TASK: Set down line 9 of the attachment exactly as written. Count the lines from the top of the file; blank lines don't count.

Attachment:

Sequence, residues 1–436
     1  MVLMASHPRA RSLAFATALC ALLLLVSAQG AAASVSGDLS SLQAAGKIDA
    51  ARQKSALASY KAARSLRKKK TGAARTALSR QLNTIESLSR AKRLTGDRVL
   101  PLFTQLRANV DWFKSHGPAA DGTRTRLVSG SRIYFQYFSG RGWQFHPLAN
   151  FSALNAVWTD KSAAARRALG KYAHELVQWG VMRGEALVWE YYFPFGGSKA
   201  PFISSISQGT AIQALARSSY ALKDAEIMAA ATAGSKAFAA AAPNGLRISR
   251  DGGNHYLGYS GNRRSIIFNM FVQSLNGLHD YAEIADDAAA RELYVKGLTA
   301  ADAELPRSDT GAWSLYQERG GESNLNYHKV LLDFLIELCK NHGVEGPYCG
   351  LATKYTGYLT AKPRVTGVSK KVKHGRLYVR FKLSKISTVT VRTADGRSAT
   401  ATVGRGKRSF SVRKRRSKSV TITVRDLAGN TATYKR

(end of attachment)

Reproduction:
   351  LATKYTGYLT AKPRVTGVSK KVKHGRLYVR FKLSKISTVT VRTADGRSAT